Better Think Twice About Tweeting the Olympic Games (I'm Serious)

Social media managers beware: your tweets about the Olympic Games may be off-limits. Words like “Olympic,” “Olympian,” and “Go For The Gold,” as well as hashtags like #Rio2016 or #TeamUSA. And it gets worse: you can’t even use world involving “Olympic,” such as Mathlympics, Aqualympics, or Chicagolympics.

No, this is not some kind of 1984 fictional reality game — it’s the official rules for non-sponsor “commercial entities.” According to Rule 40 of the United States Olympic Committee (USOC) and the International Olympic Committee (IOC), you can’t even wish specific athletes luck — even if you’re sponsoring them!

“Commercial entities may not post about the Trials or Games on their corporate social media accounts,” reads one letter sent by USOC Chief Marketing Officer Lisa Baird, according to ESPN. “The restriction includes the use of USOC’s trademarks in hashtags such as #Rio2016 or #TeamUSA.”

Sounds bad? That’s not the half of it. According to AdWeek’s Christine Birkner, the list is exhaustive. She lays out no less than TWELVE different types of forbidden words, phrases, and images:

1. Olympics’ trademarked words or phrases, including: Olympic, Olympian, Future Olympian, Go for the gold, Let the games begin, Pan-American.

2. Terms that reference the location of the Olympics, including: Road to Rio, Road to Pyeongchang, Road to Tokyo, Rio 2016, Pyeongchang 2018, Tokyo 2020.

3. Words that incorporate “Olympic,” such as Mathlympics, Aqualympics, etc.

4. Hashtags with Olympics trademarks, including: #TeamUSA, #Rio2016, or #GoForTheGold.

5. Official Olympics logos.

6. Photos taken at the Olympics — as mentioned in Baird’s letter.

7. Names of Olympic athletes in social media posts.

8. Wishing luck to Olympians.

9. Any Olympics results.

10. Sharing anything from official Olympics social media accounts — even retweets are prohibited.

11. Any knock-off or self-made version of Olympic symbols, “whether made from your own logo, triangles, hexagons, soda bottle tops, onion rings, car tires, drink coasters, basketballs, etc.”

12. “Do not host an Olympic- or Paralympic-themed contest or team-building event for employees.”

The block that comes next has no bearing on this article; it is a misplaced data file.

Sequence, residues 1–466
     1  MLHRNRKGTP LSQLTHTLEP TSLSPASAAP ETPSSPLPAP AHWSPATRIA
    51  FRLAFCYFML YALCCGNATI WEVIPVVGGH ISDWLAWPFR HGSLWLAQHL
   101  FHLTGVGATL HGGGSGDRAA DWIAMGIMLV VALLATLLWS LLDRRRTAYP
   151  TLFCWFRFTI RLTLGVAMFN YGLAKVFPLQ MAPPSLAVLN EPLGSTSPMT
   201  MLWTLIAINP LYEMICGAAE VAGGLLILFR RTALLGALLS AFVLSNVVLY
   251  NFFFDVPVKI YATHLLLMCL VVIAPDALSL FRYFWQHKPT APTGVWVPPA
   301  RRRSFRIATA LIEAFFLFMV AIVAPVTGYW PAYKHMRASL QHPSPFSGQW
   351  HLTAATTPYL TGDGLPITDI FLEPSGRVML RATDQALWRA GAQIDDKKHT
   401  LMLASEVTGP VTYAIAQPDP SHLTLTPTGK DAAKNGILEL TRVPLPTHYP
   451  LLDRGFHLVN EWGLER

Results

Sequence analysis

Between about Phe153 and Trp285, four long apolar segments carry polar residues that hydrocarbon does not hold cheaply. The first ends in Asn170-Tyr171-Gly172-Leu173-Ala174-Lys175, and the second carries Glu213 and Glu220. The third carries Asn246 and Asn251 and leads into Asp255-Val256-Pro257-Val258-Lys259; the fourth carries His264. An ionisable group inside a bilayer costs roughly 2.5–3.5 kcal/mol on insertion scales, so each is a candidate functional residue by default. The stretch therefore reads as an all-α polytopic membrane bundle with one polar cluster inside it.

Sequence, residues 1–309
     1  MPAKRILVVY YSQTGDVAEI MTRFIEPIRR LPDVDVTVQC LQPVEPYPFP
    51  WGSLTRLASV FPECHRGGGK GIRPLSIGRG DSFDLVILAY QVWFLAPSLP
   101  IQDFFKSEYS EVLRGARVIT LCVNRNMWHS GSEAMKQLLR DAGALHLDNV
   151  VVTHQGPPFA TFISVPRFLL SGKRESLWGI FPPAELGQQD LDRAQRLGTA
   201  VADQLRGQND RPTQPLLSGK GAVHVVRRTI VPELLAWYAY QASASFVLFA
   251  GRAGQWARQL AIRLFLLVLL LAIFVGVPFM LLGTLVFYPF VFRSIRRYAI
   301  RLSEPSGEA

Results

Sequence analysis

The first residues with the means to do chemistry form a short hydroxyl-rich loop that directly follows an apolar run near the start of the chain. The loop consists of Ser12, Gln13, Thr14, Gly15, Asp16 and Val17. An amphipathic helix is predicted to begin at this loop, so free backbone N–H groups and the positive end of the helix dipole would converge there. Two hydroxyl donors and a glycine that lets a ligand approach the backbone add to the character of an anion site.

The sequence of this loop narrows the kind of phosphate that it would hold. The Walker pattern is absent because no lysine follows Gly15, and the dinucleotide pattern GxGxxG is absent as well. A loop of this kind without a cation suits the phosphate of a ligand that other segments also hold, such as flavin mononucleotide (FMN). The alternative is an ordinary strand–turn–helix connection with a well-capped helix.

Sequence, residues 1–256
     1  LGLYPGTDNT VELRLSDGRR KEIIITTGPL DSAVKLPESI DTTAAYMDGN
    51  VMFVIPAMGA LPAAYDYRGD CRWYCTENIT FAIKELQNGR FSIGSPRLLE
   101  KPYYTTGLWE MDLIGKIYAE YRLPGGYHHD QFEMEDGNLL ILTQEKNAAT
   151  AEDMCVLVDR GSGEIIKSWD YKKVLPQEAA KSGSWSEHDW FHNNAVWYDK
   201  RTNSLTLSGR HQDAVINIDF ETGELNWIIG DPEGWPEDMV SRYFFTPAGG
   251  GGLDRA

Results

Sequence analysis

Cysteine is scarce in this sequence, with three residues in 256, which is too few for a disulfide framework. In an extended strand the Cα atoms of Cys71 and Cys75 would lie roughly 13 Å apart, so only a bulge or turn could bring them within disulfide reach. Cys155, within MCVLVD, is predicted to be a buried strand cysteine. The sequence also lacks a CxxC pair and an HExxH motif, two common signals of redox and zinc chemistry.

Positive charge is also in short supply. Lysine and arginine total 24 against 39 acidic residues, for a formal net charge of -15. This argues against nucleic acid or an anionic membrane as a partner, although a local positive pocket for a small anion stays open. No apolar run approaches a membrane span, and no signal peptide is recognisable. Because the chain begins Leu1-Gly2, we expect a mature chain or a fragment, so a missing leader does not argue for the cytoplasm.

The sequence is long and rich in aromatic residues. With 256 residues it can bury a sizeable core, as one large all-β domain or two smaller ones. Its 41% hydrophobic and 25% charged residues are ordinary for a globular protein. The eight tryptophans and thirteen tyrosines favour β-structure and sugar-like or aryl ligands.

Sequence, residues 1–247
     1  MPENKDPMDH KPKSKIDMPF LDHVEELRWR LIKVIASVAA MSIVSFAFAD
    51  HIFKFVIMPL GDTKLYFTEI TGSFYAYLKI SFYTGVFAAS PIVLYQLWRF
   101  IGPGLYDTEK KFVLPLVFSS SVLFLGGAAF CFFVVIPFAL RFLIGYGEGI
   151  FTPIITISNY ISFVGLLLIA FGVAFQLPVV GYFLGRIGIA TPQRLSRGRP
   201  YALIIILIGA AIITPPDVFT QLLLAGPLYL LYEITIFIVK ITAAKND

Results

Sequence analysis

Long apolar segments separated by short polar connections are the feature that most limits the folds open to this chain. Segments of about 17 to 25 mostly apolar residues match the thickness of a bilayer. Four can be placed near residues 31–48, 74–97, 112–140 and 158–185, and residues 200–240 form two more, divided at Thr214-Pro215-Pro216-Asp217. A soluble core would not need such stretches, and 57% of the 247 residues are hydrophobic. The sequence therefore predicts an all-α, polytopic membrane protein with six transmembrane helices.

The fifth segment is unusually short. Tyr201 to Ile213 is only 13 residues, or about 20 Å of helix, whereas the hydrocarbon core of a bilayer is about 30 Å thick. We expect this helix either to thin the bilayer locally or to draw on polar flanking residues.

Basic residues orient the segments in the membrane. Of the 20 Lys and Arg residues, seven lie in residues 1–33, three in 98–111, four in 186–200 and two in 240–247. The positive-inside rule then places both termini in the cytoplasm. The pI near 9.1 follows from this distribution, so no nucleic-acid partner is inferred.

Again, these are the OFFICIAL rules for the USOC. I would like to know how exactly they would enforce these rules without forcibly taking over the servers for Facebook and Twitter. Perhaps they intend to sue any company which accidentally retweets them?

Next Page: Pushback.

“The whole thing is ridiculous,” Sally Bergesen, CEO of Oiselle, a company which published pictures of athlete Kate Grace after she won the 800 meters at the trials earlier this month. The USOC contacted the company, reportedly asking that the photos be removed. Oiselle blurred images of Olympic property but did not remove the blogs.

USOC argues that the money from sponsors and licensees who pay for these rights allows them to support athletes to go to the games. Bergesen says the rules actually hurt athletes because companies that can’t support them during the games also cannot afford to pay them because of lack of promotion.

“It costs $300,000 to send an Olympian to the Games, and for our athletes, the USOC has reimbursed them about 1 percent of that cost,” Bergesen told ESPN. “Is that supporting them?”

Athletes can support a company which is not an official Olympics sponsor during the games and a non-sponsor can support an athlete, so long as they don’t mention anything about the Olympics specifically.

In the letter, USOC spokeswoman Baird said, “We need to give sponsors exclusivity to our intellectual property that is protected by U.S. law.”

Ironically, the official Olympic Committees have actually relaxed some of the rules, allowing companies to run ads — so long as they were approved, and started running in March, continuously throughout the games.

Bergesen attacked this “concession,” because it only helps huge companies. “A company like Under Armour can do that because they know that Michael Phelps is going to be in the Games,” she explained. For Oiselle, however, “We don’t know in January which one of our athletes is going to make the games.”

The company New Balance is not an official USOC or OIC sponsor, but it had more than 70 of its athletes qualify for the games. “We find IOC’s Rule 40 extremely frustrating and challenging to work with as a brand which wants to celebrate the many amazing achievements of our hard-working global athletes,” New Balance spokeswoman Amy Dow told ESPN.

“It is also unfortunate that many athletes do not have the freedom or opportunity to support the brands that support them.”

Corporate sponsorship is hugely important for athletes who cannot attend otherwise, but they cannot always thank the companies who pay for them to attend.

“Athletes can certainly generically say, ‘Thank you for your support’ during the Games,” Baird told ESPN. “But a company that sells a sports drink certainly can’t post something from the Games on their social media page or website. They’re doing nothing but using the Olympics to sell their drink.”

While Baird emphasized that journalists are not bound by these stringent rules, so expect a great deal of controversy about it in the press. If you thought bad infrastructure and Zika virus outbreaks were the only bad stories to come from this year’s Olympics, you’re in for a big surprise.

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